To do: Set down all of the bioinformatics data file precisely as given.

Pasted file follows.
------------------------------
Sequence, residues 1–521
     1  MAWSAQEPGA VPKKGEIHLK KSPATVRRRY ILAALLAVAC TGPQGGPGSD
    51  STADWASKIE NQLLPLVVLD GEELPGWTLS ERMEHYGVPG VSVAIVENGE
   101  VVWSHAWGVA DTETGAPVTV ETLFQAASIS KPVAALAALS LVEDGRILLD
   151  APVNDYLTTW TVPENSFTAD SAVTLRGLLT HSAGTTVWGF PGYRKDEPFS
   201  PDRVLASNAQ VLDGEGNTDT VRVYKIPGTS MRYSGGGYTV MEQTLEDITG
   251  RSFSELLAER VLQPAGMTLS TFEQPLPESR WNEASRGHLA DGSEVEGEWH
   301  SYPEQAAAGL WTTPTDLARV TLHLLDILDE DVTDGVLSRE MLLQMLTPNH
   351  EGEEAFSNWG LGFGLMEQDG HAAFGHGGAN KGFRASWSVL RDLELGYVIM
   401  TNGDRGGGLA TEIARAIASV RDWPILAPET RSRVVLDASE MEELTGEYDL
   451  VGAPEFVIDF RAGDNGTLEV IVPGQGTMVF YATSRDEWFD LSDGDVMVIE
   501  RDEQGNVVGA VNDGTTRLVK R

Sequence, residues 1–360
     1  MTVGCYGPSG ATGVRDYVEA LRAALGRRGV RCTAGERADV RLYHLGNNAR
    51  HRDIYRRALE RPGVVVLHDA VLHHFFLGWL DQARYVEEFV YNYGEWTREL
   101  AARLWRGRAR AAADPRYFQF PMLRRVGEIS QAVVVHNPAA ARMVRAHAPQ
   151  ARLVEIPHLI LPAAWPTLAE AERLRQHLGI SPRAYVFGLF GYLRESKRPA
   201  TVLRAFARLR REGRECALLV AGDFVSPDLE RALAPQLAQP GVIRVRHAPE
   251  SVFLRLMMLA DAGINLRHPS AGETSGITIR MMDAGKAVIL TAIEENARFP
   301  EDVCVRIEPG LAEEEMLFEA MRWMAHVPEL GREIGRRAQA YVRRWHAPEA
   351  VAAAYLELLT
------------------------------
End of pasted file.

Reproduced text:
Sequence, residues 1–521
     1  MAWSAQEPGA VPKKGEIHLK KSPATVRRRY ILAALLAVAC TGPQGGPGSD
    51  STADWASKIE NQLLPLVVLD GEELPGWTLS ERMEHYGVPG VSVAIVENGE
   101  VVWSHAWGVA DTETGAPVTV ETLFQAASIS KPVAALAALS LVEDGRILLD
   151  APVNDYLTTW TVPENSFTAD SAVTLRGLLT HSAGTTVWGF PGYRKDEPFS
   201  PDRVLASNAQ VLDGEGNTDT VRVYKIPGTS MRYSGGGYTV MEQTLEDITG
   251  RSFSELLAER VLQPAGMTLS TFEQPLPESR WNEASRGHLA DGSEVEGEWH
   301  SYPEQAAAGL WTTPTDLARV TLHLLDILDE DVTDGVLSRE MLLQMLTPNH
   351  EGEEAFSNWG LGFGLMEQDG HAAFGHGGAN KGFRASWSVL RDLELGYVIM
   401  TNGDRGGGLA TEIARAIASV RDWPILAPET RSRVVLDASE MEELTGEYDL
   451  VGAPEFVIDF RAGDNGTLEV IVPGQGTMVF YATSRDEWFD LSDGDVMVIE
   501  RDEQGNVVGA VNDGTTRLVK R

Sequence, residues 1–360
     1  MTVGCYGPSG ATGVRDYVEA LRAALGRRGV RCTAGERADV RLYHLGNNAR
    51  HRDIYRRALE RPGVVVLHDA VLHHFFLGWL DQARYVEEFV YNYGEWTREL
   101  AARLWRGRAR AAADPRYFQF PMLRRVGEIS QAVVVHNPAA ARMVRAHAPQ
   151  ARLVEIPHLI LPAAWPTLAE AERLRQHLGI SPRAYVFGLF GYLRESKRPA
   201  TVLRAFARLR REGRECALLV AGDFVSPDLE RALAPQLAQP GVIRVRHAPE
   251  SVFLRLMMLA DAGINLRHPS AGETSGITIR MMDAGKAVIL TAIEENARFP
   301  EDVCVRIEPG LAEEEMLFEA MRWMAHVPEL GREIGRRAQA YVRRWHAPEA
   351  VAAAYLELLT